appropriately govern it?
  • Have you aligned policies, zoning, bylaws,
    regulations and standards to achieve optimal
    sustainable infrastructure implementation?
  • Do you have readily available material describing
    the long term advantages of pursing
    sustainability within your community?
  • Have you developed a process to ensure community
    engagement, and political commitment and support?

34
Integrated Community Sustainability Plans for
Canadian Municipalities
The development of a template to support
integrated community sustainability planning
35
I believe many planners, certainly those
properly credentialed, have been practicing the
planning approach that is advocated in this
tool for many years... Whether the
decision-making frameworks have embraced these is
another matter.
Opportunity
I think the biggest barrier is that we generally
do not have good processes or structures in place
in our communities that allow us to develop
community visions or plans in a systematic way.
36
We have separated humans from other beings and
from nature.
What is it about?
Sustainability, I believe, is not an end state.
Consequently, a static plan cannot purport to
provide the ultimate prescription for
sustainability.
37
What is the template about?
  • Engagement

Reconciliation
Dynamics
Guidance
Integration
Tools and Techniques
38
planning at too large a scale often bogs down
because of differences in interest OR if you have
a common interest but no authority. Planning at
too small a scale often means that the plan is
great but the power/authority to implement change
is lacking.
Principles
at what level do we decide to plan, on the scale
of a neighbourhood or a region, and in reality,
are not cities just a system of embedded
neighbourhoods if diversity is respected
39
Principles
  • Integration linking sustainability and planning
    policy

Scale moving beyond municipal boundaries and
short term policies
Governance proactive planning rather than
reactive planning
Inclusion early and full engagement of the
community
40
Please don't encourage people not to be
visionary or utopian --how else will be move out
of our present predicament.
The approach
I think that the base planning would be done at
a 100 year time scale, at a geographic scale that
included a city and it's hinterland.
41
The stepwise approach
Engage with the community
Understanding the place
Creating a plan
Implementation
42
Looking at the embedded links in the Integrated
Community Sustainability Planning tool all
attempt to engage the whole community in the
planning process -- as a first step of
integration.
Engaging
Planning strategies can begin with a single
building, say a houseFrom house to street to
block to neighbourhood similar themes can be
developedwith synergy kicking in to support
the district.
43
Engaging the communitygetting people involved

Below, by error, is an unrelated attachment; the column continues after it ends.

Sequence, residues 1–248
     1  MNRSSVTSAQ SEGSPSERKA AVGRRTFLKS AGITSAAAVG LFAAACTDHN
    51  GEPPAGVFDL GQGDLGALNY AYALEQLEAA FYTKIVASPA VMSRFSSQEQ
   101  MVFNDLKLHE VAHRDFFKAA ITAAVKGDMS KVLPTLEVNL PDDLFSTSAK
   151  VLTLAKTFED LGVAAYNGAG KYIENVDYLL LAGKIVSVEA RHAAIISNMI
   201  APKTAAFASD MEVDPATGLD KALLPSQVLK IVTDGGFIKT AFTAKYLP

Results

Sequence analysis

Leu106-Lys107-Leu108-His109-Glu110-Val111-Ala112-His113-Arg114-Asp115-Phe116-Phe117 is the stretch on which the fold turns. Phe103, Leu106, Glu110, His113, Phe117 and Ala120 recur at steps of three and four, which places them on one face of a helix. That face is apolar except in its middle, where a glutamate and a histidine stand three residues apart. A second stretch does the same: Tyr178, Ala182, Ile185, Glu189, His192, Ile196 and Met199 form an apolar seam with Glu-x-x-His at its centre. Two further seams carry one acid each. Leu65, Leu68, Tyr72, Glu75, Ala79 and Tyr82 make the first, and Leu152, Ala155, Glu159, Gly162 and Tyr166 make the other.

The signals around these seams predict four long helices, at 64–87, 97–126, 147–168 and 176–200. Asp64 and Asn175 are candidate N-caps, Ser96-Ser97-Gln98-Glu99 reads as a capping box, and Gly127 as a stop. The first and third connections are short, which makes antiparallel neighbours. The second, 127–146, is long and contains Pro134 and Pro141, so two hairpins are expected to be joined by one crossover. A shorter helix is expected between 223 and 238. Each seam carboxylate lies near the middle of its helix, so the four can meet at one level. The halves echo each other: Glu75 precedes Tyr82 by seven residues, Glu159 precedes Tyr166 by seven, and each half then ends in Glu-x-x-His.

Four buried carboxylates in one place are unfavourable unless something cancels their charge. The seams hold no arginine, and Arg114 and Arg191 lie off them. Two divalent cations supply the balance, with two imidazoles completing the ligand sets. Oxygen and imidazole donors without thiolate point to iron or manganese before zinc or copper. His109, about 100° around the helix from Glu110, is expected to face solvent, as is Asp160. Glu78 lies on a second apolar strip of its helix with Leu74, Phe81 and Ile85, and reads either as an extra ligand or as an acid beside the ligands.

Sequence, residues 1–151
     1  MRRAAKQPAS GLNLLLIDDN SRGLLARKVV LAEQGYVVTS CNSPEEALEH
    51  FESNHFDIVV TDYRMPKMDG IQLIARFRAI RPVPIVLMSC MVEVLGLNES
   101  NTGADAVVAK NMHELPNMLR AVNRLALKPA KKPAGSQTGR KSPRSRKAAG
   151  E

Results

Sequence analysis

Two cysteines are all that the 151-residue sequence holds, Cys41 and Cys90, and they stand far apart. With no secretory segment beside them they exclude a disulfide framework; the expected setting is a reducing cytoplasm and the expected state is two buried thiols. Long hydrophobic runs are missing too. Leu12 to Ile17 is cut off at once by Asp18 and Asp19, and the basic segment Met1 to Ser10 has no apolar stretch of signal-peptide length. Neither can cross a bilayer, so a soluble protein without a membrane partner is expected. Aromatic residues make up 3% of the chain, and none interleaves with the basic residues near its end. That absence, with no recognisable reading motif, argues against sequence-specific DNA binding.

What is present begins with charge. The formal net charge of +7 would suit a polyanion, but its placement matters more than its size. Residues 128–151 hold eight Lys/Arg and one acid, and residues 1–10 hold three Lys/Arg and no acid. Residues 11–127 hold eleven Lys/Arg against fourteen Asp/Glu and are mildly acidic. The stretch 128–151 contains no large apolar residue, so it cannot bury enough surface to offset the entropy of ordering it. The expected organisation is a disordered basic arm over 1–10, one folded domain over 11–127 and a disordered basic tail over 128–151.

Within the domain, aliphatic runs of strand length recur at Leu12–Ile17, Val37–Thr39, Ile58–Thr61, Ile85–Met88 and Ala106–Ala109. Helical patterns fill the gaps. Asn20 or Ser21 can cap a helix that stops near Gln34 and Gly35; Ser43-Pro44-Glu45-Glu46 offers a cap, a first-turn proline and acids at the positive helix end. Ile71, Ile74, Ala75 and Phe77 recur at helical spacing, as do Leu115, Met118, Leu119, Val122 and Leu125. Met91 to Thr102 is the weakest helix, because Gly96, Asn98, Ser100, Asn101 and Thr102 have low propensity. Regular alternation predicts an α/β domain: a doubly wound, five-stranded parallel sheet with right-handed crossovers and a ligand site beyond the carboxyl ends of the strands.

Representation who is the community what are
the stakeholders?
Principles of engagement to engender a open,
collaborative and inclusive process
Use of tools many existing resources to help the
process
Learning from others use the experience of other
communities
44
We are trying to create a structure plan whereby
density increases and forms are connected to
transportation infrastructure, energy
opportunities, amenities (existing or potential)
etclike streets that function as parks, like
parks that function like farms, etc.
Understanding
but what about protecting agricultural land and
natural spaces from the development/growth
frenzy?
45
Mapping the communityunderstanding the place
Green and community mapping what matters, and
where?
Land use and landscape planning how to manage
growth and change
Systems approach making space for natural
systems and developing within the carrying
capacity of the region
46
we cannot create community until we first
envision it
Creation
As we ponder scale of place -- what about time
scale? These days we are taking up more place
space but seem to have less and less time to
allocate to whole systems thinking and planning
it is just urgent -- no time for importance.
47
Creating a planframeworks for development and
change
What is the community vision?
Timeframe long-term vision linked to short term
cycles and goals
Scale links to neighbouring jurisdictions,
nested systems
48
I have observed over the years that much good
work is done at the community or OCP planning
level only to be completely ignored at the
implementation phase
Creation
in my area. . . people are wanting to create
rural co-housing, small eco-villages etc and are
running smack into zoning regulations that were
designed for a large extended family that
farmed the land . . . times have changed but
underlying thinking has not
49
Creating a planframeworks for development and
change
Institutional needs is the municipality in a
position to deliver on the plan?
Identify strategic areas what does the plan need
to focus on?
Commitments and outcomes what are the resource
and reporting implications of the plan?
50
The recently completed regional plan placed a
moratorium on development while policies were
established and now the document itself is poised
for implementation.
Implementation
a large barrier to integrated planning is the
weak position of Planning relative to the larger
power of the politicians, Engineering Dept and
Parks Depts (and the even weaker positions of
environmental planning or social planning
sections if they exist at all)
51
Implementing the planThe ICSP needs to be the
primary operating document for the municipality
Policies bylaws and regulations do these line up
behind the ICSP or are they contradictory?
Legal authority Is the plan enforceable by law?
Monitoring is there a robust cycle of evaluation
to ensure that short term action move the
community towards the long term vision?
52
The tool is an excellent guide for communities
to pursue sustainability. It offers many
worthwhile, essential even, suggestions for
communities to undertake Integrated Community
Sustainability Planning.
a static plan cannot purport to provide the
ultimate prescription for sustainability